Springfield Armory Museum - Collection Record

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Maker/Manufacturer:PEDERSEN, JOHN D.
Date of Manufacture:1918
Eminent Figure:
Catalog Number:SPAR 1325
Measurements:OL: 32CM 12 5/8" 2.1 lbs. with empty magazine

Object Description:

Manufactured by Remington Arms, Bridgeport, Ct. - Device which converted Model 1903 MkI rifle from bolt-action to semi-automatic with 40-round magazine feed mechanism. Interchanged with regular bolt. 10-groove rifling, right hand twist. Weighs 2.1 lbs. with empty magazine. Also, see SPAR-1324 and SPAR-1326.

Rear housing: U.S.A. 1918-MARK I/63812. REMINGTON-BRIDGEPORT/PEDERSEN PAT.'S PENDING. Rear: Appears to be E.L.C./X.

Device transferred to the Museum on 28 January 1932.

See, SPAR-1324 (M1903 MkI Rifle); SPAR-1326 (Pedersen Magazine).

Notes: "After studying the actions in France during 1916/1917, the US Army came to the conclusion that the most dangerous time for infantryman was during the advance across No Man's Land, where the covering fire had stopped and the enemy was alert. With some urging from the French, the US authorities decided that the best solution would be to equip every man with an automatic rifle and have him fire from the hip as he advanced, so covering the area with bullets and making it most hazardous for any enemy to poke his head over the parapet of his trench. This was termed 'Walking Fire; and it is a theory which has re-appeared at various times since.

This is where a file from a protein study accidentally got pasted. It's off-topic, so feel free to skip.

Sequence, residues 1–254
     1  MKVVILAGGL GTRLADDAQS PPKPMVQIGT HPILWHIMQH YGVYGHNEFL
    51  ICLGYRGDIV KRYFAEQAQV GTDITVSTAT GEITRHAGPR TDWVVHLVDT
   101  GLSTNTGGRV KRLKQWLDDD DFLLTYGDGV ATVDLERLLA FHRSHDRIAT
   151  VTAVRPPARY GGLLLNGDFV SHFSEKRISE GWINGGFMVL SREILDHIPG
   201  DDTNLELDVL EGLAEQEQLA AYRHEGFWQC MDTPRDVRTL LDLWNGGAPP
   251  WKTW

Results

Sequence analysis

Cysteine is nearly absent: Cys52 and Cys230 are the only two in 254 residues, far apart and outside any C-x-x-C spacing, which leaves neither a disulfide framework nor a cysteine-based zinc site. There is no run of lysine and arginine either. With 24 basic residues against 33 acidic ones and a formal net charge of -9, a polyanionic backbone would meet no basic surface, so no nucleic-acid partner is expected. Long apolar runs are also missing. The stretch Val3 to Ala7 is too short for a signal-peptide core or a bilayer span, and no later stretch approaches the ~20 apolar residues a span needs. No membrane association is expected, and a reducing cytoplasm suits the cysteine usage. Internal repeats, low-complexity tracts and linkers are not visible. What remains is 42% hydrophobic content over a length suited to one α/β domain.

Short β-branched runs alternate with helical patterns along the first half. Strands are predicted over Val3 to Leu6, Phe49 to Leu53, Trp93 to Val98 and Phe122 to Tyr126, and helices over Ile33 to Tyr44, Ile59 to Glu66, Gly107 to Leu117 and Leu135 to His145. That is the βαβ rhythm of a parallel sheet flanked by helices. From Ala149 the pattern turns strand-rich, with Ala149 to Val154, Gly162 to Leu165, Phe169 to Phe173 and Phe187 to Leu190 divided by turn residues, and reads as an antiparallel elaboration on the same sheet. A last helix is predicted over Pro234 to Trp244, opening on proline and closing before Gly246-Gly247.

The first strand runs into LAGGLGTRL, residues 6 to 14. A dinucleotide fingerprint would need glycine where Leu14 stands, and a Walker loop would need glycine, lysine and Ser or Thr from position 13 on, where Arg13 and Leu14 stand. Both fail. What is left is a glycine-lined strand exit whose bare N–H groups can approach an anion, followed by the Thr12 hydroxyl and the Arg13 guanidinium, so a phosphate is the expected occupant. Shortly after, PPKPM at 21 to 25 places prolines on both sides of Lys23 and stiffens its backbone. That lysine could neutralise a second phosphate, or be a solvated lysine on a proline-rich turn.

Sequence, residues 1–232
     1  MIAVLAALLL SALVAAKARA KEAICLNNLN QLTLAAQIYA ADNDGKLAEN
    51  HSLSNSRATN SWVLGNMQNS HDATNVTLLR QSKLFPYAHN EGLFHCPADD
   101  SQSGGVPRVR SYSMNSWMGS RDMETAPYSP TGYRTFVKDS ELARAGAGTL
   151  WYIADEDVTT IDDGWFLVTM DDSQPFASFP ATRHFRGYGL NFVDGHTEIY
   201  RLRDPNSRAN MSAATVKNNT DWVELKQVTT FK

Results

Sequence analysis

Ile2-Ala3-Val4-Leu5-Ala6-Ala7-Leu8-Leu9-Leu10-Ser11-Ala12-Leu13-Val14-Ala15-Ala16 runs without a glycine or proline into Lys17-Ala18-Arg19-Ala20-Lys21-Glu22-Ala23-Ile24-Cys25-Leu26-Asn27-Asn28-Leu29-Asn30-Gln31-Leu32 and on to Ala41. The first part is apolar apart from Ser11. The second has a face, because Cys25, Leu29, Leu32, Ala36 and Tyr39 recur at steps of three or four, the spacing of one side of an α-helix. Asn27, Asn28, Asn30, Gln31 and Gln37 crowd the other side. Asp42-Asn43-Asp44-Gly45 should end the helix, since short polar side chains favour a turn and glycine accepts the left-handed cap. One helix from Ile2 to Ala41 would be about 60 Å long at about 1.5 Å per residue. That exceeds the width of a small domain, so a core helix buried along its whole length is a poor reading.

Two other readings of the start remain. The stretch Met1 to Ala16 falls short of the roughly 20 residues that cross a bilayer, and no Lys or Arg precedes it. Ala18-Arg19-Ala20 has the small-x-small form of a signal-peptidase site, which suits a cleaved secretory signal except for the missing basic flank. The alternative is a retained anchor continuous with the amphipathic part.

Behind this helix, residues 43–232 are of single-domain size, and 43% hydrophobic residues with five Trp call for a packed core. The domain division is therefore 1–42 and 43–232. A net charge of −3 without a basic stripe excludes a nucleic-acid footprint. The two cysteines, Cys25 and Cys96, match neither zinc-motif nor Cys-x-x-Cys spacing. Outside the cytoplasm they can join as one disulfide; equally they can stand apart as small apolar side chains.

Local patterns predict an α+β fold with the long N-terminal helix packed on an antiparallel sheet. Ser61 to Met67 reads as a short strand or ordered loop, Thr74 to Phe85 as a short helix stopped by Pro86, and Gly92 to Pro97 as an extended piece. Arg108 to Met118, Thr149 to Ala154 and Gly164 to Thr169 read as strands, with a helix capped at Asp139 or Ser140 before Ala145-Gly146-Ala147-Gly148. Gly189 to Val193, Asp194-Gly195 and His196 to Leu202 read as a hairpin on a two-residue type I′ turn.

The prospect of producing an automatic rifle for every soldier was out of the question, and since the man would normally require a bolt-action rifle for other occasions the problem was a difficult one. It was eventually solved by John Pedersen, at that time working as a designer for Remington. He devised a method of removing the bolt from the standard M1903 Springfield rifle and replacing it with a simple blowback device fitted with its own magazine and a short barrel which, outwardly, resembled a .30-06 cartridge case. This fitted into the chamber of the rifle, after the bolt was removed, with the magazine protruding obliquely to one side, and thus, in fifteen seconds, the soldier had transformed his manual rifle into a species of submachine-gun or automatic rifle. The cartridge was specially designed by Pedersen to suit the device and has never been used in any other weapon; it resembles a lengthened .32ACP cartridge in appearance." - Ian Hogg & John Weeks